Maybe Travis Kalanick and Steve Jobs were onto something.
According to a review by researchers at Aston Business School in the U.K. and Kansas State University in the U.S., even after controlling for gender, education level, and gross domestic product per capita, there are more entrepreneurs in countries where ruthless business traits are held in higher esteem.
According to data gathered by the Global Entrepreneurship Monitor consortium, a study group coordinated out of the Aston Business School and the University of Strathclyde Business School, about one in eight people in the U.S. have set up their own business. The same organization said that the figure is closer to one in four in places like Belize, Burkina Faso and Peru.
Charisma is seen as a desirable trait in most areas of the world. Simply by the dint of his personality, audacious deals for his Virgin group of companies—including plans for space travel have bene brokered by Richard Branson and other bosses like him. But the survey showed that in countries with more entrepreneurs, characteristics vital to self-preservation are more highly valued.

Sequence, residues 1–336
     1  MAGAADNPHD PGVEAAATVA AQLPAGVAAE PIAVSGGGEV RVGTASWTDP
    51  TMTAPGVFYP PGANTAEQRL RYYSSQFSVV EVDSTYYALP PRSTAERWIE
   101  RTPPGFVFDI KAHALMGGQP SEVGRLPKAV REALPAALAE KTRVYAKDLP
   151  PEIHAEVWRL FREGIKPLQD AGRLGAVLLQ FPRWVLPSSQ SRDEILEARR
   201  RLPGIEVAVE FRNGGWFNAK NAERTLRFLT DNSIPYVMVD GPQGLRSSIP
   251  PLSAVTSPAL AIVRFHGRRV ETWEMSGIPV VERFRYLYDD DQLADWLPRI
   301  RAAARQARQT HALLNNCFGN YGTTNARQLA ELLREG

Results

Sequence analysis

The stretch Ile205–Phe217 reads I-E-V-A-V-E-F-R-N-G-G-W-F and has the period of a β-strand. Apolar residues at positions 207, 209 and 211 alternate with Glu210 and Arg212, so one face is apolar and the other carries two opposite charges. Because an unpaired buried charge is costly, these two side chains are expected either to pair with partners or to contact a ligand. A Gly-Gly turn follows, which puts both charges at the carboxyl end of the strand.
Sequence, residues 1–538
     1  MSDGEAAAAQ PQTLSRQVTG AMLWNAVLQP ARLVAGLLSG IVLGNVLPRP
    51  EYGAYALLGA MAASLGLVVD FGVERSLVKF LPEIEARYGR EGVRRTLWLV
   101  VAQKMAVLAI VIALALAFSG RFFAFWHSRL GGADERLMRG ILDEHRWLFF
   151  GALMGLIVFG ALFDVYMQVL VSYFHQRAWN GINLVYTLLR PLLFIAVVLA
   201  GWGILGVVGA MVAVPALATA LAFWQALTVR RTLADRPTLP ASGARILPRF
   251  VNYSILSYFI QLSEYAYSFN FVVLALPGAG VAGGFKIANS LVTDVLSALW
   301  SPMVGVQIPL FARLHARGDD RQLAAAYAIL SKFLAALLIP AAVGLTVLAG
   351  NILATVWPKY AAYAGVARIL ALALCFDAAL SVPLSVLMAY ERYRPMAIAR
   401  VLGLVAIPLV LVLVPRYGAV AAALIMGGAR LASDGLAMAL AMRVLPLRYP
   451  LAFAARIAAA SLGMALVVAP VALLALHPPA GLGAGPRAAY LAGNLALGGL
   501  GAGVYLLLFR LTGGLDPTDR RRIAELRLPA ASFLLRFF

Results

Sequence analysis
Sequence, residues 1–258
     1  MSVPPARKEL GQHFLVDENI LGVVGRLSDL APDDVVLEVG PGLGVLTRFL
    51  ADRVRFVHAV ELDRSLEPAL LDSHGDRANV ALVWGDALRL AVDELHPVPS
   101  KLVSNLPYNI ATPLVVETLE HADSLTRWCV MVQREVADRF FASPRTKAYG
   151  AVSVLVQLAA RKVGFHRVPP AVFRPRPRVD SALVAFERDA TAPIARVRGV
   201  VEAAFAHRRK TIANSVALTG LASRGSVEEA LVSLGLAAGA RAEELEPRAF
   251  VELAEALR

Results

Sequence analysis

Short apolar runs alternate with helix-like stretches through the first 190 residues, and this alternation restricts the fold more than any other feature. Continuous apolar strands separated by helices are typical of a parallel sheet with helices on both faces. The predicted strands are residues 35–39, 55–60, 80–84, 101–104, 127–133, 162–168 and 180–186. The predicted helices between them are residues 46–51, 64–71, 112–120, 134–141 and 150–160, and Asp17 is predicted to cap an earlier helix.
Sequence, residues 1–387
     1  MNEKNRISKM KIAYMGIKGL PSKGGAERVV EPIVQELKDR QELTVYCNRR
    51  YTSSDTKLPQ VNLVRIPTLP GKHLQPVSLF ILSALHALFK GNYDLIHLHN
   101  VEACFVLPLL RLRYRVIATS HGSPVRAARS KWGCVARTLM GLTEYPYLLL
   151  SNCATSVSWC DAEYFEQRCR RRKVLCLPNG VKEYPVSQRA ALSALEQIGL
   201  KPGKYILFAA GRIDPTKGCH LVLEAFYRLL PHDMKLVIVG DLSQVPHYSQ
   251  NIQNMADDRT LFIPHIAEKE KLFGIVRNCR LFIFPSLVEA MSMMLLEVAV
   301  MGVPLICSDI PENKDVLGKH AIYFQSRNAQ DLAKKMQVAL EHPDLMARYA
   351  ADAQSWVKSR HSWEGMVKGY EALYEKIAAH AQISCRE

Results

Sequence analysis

“You need to be a bit guarded, competitive and hard-nosed”
“You need to be able to elicit co-operation from others, but at the same time, you can’t give too much away, so you need to be a bit guarded, competitive and hard-nosed,” said Ute Stephan, a professor at Aston Business School. “When these two things come together in a culture, that’s when you have the highest entrepreneurship rates.”
In addition to charisma, defined as demonstrating integrity and inspiration to employees, highly valued in places such as Denmark, Finland and South Korea, the people in Asian, Middle Eastern and Latin American countries were likely to say they valued self-protectiveness in leaders—characterized by face-saving behavior that could spark conflict.
“I see a lot more collaboration in the U.K.”
A third of adults in the country are entrepreneurs are entrepreneurs and the study points to this country as an example. The country has double the proportion of entrepreneurs compared to Croatia with GDP per capita at $22,400, while Chile’s GDP per capita is at $24,000.
According to the review, while Croatians tend more towards “nice” bosses, Chile’s people prefer strong-willed leaders. In the U.S., people put less of a premium on strong-willed leaders and Chile’s proportion of entrepreneurs is around 10 percentage points higher than the U.S., even though the later also has a similar GDP growth rate to the U.S.
the U.K.—which has similar rates of entrepreneurship— was the place where Sarat Pediredla, 36, born in India, had moved to in the late 1990s. Now, he has experienced life working in offices in the U.K., U.S., and India as chief executive of app developer Hedgehog Lab.
“In the west, we’re a lot more diplomatic,” he said. “In India, it’s very cut-throat in terms of the competition. I see a lot more collaboration in the U.K. than in other cultures.”
(Adapted from Bloomberg)